yama-bato:


[Lonicer, Adam (attrib.)]. Herbarum, arborum, fruticum, frumentorum ac leguminum, animalium praeterea terrestrium, volatiliu[m] & aquatilium […] imagines […] depictae […]. Kreutter, Bäume, Gesteude, unnd Frücht, deßgleichen Gethier, zam unnd wild, im Lufft, Wasser und Erdtrich lebende […]. Frankfurt/Main, Christian Egenolph, (1546). 4to. (16), 265, (1) pp. With a large woodcut on the title-page showing a gardener at work with his tools, and about 800 woodcut illustrations in the text. About 700 show trees, fruit, edible and medicinal plants, while the rest show insects, a tick, coral, shells, various sea and land animals and a view of a pond with plants and birds. It includes a two-headed snake, dragon, griffin, and a few other mythical creatures. With all woodcuts coloured by a contemporary hand. Contemporary pigskin over wooden boards, richly blind-tooled in a panel design with two rolls (one alternating heads and coats of arms, the other with standing figures), a large acorn and other stamps; brass clasps and catch-plates with engraved decoration.
Rare first dated edition of an extensively illustrated early herbal in contemporary hand-colour, with the title and most of the plant and animal names in Latin and German. The title-page is followed by a 13-page index of the Latin and German names. About 200 of the woodcuts are about half-page, while the last six pages show 16 small animal woodcuts per page. The Folger Library notes that F. W. E. Roth attributes this herbal to Adam Lonicer (1528-86) of Marburg and Frankfurt, who married Egenolph’s daughter and became a partner in the firm after Egenolph died in 1555. The firm published herbals and related works under his name beginning in 1551. Egenolph published all three editions of the present herbal. VD 16 lists the undated one as ca. 1545 (citing only the Wellcome Library copy), which would make the present 1546 edition the second. Another appeared in 1552. Egenolph’s successors were to become famous not only as printers but also as one of the largest and most important early typefoundries…
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Christian Egenolff or Egenolph (26 July 1502 Hadamar - 9 February 1555 Frankfurt-am-Main),[1] also known as Christian Egenolff, the Elder, was the first important printer and publisher operating from Frankfurt-am-Main, and best-known for his Kräuterbuch [2] and re-issue of books by Adam Ries, Erasmus von Rotterdam and Ulrich von Hutten.[3]
Jun 18, 2012 / 105 notes

yama-bato:

[Lonicer, Adam (attrib.)]. Herbarum, arborum, fruticum, frumentorum ac leguminum, animalium praeterea terrestrium, volatiliu[m] & aquatilium […] imagines […] depictae […]. Kreutter, Bäume, Gesteude, unnd Frücht, deßgleichen Gethier, zam unnd wild, im Lufft, Wasser und Erdtrich lebende […]. Frankfurt/Main, Christian Egenolph, (1546). 4to. (16), 265, (1) pp. With a large woodcut on the title-page showing a gardener at work with his tools, and about 800 woodcut illustrations in the text. About 700 show trees, fruit, edible and medicinal plants, while the rest show insects, a tick, coral, shells, various sea and land animals and a view of a pond with plants and birds. It includes a two-headed snake, dragon, griffin, and a few other mythical creatures. With all woodcuts coloured by a contemporary hand. Contemporary pigskin over wooden boards, richly blind-tooled in a panel design with two rolls (one alternating heads and coats of arms, the other with standing figures), a large acorn and other stamps; brass clasps and catch-plates with engraved decoration.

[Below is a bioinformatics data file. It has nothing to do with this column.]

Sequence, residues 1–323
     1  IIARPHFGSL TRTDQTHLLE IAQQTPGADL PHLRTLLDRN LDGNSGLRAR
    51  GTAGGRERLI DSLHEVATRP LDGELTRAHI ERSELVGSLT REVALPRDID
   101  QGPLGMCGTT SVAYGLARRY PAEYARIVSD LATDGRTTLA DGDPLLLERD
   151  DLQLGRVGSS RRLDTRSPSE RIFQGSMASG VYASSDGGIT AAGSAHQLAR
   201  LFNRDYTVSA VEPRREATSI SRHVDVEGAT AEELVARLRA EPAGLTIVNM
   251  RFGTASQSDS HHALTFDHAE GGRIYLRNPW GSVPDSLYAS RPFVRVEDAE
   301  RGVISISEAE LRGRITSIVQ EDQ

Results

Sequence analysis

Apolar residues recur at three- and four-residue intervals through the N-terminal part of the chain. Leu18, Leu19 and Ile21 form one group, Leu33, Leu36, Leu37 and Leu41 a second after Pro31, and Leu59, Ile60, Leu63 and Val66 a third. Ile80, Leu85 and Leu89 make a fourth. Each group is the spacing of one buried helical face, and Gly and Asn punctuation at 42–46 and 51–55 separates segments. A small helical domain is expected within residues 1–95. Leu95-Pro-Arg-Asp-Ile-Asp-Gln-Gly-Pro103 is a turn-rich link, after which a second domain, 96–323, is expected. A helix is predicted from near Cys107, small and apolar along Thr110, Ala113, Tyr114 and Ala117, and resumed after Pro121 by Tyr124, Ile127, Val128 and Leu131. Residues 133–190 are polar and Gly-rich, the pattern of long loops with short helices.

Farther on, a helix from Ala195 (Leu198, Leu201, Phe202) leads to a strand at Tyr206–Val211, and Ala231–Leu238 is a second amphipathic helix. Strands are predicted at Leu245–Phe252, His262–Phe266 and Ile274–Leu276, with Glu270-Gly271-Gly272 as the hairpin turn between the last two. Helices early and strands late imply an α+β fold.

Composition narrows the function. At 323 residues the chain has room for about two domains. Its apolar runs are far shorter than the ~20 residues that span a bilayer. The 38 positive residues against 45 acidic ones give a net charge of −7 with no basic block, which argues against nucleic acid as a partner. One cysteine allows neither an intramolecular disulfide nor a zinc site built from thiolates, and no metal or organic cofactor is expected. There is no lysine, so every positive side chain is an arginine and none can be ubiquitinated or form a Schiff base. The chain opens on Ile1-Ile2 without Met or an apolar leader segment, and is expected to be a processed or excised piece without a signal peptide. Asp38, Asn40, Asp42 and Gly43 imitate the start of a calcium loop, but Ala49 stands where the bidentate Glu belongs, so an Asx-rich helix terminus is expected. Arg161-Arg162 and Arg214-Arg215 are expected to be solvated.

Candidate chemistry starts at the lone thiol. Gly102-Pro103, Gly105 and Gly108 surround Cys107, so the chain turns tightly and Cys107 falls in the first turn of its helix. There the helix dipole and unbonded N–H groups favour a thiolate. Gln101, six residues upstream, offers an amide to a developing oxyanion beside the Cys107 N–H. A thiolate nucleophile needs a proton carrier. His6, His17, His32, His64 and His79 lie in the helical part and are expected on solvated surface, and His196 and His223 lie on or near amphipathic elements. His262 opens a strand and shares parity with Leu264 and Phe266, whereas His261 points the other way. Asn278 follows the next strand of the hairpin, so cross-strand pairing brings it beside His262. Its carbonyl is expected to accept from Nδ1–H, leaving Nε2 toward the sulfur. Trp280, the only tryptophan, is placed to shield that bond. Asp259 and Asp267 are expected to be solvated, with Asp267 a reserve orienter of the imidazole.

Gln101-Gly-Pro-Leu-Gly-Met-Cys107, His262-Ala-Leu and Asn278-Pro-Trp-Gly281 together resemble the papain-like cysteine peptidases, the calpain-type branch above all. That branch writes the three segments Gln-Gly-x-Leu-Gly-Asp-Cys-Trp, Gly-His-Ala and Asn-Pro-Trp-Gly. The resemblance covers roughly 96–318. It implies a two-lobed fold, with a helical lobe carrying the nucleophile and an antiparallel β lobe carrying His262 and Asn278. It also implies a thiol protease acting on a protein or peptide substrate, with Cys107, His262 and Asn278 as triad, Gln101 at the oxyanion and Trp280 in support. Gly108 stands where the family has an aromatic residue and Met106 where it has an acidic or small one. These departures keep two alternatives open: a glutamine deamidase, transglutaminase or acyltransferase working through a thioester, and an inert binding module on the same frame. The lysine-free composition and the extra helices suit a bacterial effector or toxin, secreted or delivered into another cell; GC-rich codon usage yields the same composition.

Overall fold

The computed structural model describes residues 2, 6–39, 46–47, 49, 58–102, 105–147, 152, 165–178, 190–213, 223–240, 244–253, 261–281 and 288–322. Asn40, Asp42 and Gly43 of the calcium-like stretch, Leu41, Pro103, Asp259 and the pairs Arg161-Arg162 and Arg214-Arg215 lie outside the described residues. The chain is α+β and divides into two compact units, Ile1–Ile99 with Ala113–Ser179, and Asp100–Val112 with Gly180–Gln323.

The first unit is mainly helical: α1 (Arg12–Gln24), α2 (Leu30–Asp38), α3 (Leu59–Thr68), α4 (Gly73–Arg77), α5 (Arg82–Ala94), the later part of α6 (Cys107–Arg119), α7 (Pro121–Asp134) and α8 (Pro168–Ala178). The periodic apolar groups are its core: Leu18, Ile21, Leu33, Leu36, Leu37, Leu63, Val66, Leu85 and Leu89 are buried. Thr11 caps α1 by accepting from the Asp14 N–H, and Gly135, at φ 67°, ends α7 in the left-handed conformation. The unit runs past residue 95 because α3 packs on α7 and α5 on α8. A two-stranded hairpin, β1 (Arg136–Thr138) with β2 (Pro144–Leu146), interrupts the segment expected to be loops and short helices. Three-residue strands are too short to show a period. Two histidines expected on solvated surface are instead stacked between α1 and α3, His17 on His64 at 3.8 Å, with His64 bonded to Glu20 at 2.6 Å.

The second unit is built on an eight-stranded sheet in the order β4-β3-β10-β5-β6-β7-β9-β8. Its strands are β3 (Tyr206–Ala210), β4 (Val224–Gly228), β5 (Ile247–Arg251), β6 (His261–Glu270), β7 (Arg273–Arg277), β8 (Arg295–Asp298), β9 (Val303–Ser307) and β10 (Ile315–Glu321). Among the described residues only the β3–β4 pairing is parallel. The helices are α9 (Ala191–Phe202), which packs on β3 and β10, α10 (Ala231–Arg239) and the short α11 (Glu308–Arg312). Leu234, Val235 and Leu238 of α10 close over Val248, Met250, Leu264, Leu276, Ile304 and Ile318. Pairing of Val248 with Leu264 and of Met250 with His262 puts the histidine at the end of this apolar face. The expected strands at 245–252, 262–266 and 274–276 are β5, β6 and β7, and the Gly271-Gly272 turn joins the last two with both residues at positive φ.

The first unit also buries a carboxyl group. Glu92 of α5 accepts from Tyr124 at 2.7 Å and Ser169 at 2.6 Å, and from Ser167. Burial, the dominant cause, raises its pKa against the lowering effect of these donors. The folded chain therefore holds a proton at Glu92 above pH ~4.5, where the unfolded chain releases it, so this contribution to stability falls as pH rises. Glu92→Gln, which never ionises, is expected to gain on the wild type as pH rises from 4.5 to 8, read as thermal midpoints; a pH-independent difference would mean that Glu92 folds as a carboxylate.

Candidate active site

Rare first dated edition of an extensively illustrated early herbal in contemporary hand-colour, with the title and most of the plant and animal names in Latin and German. The title-page is followed by a 13-page index of the Latin and German names. About 200 of the woodcuts are about half-page, while the last six pages show 16 small animal woodcuts per page. The Folger Library notes that F. W. E. Roth attributes this herbal to Adam Lonicer (1528-86) of Marburg and Frankfurt, who married Egenolph’s daughter and became a partner in the firm after Egenolph died in 1555. The firm published herbals and related works under his name beginning in 1551. Egenolph published all three editions of the present herbal. VD 16 lists the undated one as ca. 1545 (citing only the Wellcome Library copy), which would make the present 1546 edition the second. Another appeared in 1552. Egenolph’s successors were to become famous not only as printers but also as one of the largest and most important early typefoundries…

via

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Christian Egenolff or Egenolph (26 July 1502 Hadamar - 9 February 1555 Frankfurt-am-Main),[1] also known as Christian Egenolff, the Elder, was the first important printer and publisher operating from Frankfurt-am-Main, and best-known for his Kräuterbuch [2] and re-issue of books by Adam Ries, Erasmus von Rotterdam and Ulrich von Hutten.[3]

(via scientificillustration)

Source: yama-bato

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    [Lonicer, Adam (attrib.)]. Herbarum, arborum, fruticum, frumentorum ac leguminum, animalium praeterea terrestrium,...